The story of Mas de Daumas Gassac is one of vision, enterprise, passion and pride. When Véronique and Aimé Guibert first purchased their farm (the mas) in the charming Gassac valley they little realised that they had a particular micro-climate which would give them the potential to make great wines. A visiting professor from Bordeaux, one Henri Enjalbert, identified a particular red soil that was common to certain great estates in the Médoc and Grand Cru Burgundies. Under the thick garrigue scrub and shrubs covering the Arboussas hills, he found some 40 hectares of perfectly drained soil, poor in humus and vegetable matter, rich in mineral oxide (iron, copper, gold etc). Formed from deposits carried in by the winds during the Riss, Mindel and Guntz glacial periods (ranging from 180,000 - 400,000 years ago) the terroir provides the three elements necessary for a potential Grand Cru: deep soil ensuring the vines' roots delve deep to seek nourishment; perfectly drained soil ensuring vines' roots are unaffected by humidity; poor soil meaning that vines have to struggle to survive, an effort which creates exceptionally fine aromas. Rock, scrub and tree clearing began in 1971 and the first vines, principally Cabernet Sauvignon, were planted on the 1.6ha plot.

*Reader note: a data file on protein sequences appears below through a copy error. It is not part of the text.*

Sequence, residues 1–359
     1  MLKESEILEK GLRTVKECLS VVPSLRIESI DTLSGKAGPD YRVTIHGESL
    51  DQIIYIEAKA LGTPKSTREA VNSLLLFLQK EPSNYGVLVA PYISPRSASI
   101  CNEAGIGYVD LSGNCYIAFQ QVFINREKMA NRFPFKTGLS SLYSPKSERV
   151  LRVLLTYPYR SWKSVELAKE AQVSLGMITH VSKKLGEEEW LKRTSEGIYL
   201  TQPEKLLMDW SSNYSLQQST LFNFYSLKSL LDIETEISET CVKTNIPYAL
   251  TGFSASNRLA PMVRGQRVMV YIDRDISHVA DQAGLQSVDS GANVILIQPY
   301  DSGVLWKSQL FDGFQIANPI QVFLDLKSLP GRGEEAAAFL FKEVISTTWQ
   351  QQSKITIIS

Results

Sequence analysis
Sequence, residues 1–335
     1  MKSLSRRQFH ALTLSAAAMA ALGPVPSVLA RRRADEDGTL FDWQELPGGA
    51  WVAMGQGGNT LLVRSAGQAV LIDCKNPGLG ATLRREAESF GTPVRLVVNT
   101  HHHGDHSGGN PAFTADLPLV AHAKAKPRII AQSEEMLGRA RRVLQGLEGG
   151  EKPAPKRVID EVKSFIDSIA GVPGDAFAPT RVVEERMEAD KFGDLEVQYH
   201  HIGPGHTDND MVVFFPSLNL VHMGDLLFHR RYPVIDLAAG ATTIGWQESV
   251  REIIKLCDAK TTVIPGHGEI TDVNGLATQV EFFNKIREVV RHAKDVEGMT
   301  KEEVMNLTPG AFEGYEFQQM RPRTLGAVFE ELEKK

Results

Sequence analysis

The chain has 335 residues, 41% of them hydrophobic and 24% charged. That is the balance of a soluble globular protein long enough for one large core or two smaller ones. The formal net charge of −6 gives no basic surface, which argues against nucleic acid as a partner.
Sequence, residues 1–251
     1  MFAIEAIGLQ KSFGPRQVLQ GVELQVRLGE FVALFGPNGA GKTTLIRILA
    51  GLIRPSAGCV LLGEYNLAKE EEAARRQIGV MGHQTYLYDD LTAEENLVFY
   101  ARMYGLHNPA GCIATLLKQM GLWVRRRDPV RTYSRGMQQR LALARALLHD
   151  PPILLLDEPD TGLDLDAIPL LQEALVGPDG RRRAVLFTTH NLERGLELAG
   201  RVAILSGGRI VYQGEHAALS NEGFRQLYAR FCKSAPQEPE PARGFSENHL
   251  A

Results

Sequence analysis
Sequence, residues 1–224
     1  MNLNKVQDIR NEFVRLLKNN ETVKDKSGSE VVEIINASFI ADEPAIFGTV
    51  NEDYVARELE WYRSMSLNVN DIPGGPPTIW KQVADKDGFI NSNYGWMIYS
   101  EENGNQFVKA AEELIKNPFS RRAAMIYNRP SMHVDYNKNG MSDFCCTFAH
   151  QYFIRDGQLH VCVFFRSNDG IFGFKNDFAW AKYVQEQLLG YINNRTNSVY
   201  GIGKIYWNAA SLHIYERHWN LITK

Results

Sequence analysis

A great little Rosé from the Languedoc made in the Provencal style from Grenache, Syrah and Carignan by one of the region's greatest names - Mas de Daumas Gassac – the ‘First Growth of the Languedoc’. Subtle aromas of crushed strawberries, wild herbs and fresh citrus fill this is superb value rose that can be drunk with joy and abandon.